To preface with an admission: the last few years, my relationship with fiction of every medium has genuinely soured. I can’t seem to find books or shows or movies that excite me. At best, they mildly entertain for a minute. They are occasionally so poor that I can’t justify the time to finish them. This numbness has also bled into my own work, and I find myself equally bored with the ideas I generate. I’m sure it’s a cocktail rather than a single reason: after so many years smothered in storytelling, it’s harder to trick me into open my imagination; pursuing my degrees in history and religious studies has brought me to a fun place where reality is proving as, if not more, exciting than most people’s wildest imaginations; and just maybe the current climate for creative output fucking blows in general. Shitty books are getting published, lazy scripts are getting green-lit, every other film is the same Hero Quest we’ve all seen before. I don’t deny that it may just be me. My domestic partner-in-crime, Mr. Miles Letham, can attest that it is rare for me to dive into a narrative anymore, but two recent efforts hooked me like a starving, stupid trout: NBC’s Hannibal, and of course True Detective.
I had high hopes for the finale because the writer had up until that point maintained what I felt was a complex, layered narrative that seemed to be choosing its steps with utmost care, walking a path that was meaningful. Rust Cohle’s character was so refreshing, for nihilism and atheism and general attitudes of darkness are so often under or misrepresented in media. I loved his sparring with the oblivious, self-righteous Marty. Being an atheist myself, it was nice to see the reality of our culture displayed: the constant shushing, brushing us off as rabble-rousers, the trouble we face assimilating into areas that are high in religious activity. I appreciated Rust’s refusal to make everyone around him feel comfortable, and as the show went on, all the writing suggested that Rust’s abyss would swallow whole everyone he had touched, not by his own hand, but because that is the nature of the abyss, and only sometimes can certain people understand and see it before it arrives. Rust is the messenger everyone would love to be the one to shoot.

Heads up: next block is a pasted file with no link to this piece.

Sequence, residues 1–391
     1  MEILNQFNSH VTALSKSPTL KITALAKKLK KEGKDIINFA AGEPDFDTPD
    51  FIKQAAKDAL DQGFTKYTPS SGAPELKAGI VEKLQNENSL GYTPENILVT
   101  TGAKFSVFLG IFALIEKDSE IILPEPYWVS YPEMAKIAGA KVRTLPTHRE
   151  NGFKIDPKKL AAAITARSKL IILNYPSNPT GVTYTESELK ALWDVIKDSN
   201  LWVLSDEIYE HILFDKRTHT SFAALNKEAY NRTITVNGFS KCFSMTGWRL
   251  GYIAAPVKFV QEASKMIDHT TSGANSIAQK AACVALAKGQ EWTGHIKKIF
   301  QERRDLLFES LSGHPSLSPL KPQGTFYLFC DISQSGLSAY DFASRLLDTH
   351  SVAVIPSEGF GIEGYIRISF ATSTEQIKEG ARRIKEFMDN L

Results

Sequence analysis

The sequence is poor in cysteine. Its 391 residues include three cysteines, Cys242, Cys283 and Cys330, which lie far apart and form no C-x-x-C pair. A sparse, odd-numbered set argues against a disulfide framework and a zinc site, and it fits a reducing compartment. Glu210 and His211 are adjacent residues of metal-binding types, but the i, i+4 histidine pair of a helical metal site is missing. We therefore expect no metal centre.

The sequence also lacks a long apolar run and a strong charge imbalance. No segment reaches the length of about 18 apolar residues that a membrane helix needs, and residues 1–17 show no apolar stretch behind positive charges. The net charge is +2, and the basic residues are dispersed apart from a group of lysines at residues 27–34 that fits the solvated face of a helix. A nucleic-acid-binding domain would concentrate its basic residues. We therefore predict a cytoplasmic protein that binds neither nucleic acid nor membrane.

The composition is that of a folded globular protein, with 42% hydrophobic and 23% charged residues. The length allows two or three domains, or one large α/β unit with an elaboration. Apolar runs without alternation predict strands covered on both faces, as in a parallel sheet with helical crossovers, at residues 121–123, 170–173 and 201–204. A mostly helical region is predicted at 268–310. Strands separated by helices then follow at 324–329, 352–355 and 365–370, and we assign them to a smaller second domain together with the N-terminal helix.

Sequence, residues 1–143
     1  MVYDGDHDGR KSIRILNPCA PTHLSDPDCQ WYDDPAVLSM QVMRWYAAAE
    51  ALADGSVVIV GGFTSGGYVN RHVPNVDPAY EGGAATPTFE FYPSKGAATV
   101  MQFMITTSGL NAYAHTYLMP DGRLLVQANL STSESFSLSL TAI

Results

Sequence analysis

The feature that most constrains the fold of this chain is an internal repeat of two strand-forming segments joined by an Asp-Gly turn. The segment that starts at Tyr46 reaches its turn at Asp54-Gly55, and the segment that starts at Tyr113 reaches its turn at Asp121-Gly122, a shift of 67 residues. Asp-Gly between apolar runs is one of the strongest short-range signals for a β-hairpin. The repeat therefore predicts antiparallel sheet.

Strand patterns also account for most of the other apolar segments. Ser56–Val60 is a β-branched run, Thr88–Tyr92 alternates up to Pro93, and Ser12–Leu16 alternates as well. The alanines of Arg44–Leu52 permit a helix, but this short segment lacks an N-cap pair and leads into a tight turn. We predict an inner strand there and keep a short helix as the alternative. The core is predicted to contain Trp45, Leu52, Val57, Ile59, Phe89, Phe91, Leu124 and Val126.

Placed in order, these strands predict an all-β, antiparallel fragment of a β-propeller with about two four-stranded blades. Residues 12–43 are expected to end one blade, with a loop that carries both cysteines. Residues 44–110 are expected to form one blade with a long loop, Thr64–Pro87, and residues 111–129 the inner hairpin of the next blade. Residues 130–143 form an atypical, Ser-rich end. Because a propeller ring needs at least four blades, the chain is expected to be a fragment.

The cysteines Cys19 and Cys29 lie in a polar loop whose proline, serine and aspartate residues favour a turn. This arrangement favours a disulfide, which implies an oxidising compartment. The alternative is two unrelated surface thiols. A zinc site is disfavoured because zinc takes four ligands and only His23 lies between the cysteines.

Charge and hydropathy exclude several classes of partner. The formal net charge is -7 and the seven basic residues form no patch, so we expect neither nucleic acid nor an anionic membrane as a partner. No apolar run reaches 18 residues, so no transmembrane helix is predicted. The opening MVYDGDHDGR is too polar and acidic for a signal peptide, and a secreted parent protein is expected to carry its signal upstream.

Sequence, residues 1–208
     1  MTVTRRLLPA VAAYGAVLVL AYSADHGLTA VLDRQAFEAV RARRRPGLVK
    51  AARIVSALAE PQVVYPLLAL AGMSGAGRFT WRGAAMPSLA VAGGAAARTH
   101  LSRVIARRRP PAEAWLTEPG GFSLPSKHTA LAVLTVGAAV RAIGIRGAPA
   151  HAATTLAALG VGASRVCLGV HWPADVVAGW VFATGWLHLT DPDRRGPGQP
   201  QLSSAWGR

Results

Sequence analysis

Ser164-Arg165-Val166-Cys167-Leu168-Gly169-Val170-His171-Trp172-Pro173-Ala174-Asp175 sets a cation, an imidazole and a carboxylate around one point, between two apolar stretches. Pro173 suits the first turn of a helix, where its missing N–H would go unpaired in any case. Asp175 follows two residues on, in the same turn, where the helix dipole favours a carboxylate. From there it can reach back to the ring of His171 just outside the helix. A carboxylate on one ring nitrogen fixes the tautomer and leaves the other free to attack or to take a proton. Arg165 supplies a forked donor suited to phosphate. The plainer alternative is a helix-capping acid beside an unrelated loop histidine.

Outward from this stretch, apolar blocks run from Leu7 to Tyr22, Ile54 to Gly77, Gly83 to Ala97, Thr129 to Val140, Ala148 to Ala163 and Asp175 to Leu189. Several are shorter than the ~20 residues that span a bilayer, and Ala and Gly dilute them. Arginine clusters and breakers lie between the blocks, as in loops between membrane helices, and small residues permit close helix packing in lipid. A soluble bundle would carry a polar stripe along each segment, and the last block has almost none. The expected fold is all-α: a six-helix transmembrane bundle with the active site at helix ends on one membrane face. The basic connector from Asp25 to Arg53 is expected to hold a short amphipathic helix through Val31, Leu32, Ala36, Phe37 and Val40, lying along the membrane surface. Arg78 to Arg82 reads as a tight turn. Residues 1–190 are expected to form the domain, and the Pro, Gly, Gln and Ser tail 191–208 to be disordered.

Writer Nic Pizzolato did a lot of work to appeal to literary nerds and fellow writers. The allusion to Chambers and Lovecraft were not accidents, nor was the subversion of the noir genre— all of which, by the way, do not have happy endings. The show felt like a giant Bat-signal calling out to writers that finally, someone on TV was doing something ballsy and different and not kowtowing to whatever it is that makes TV writing suck so badly most days. I don’t pretend to know what motivated the direction of the finale. But it was a failure, and betrayed foundational premises that the show had already established.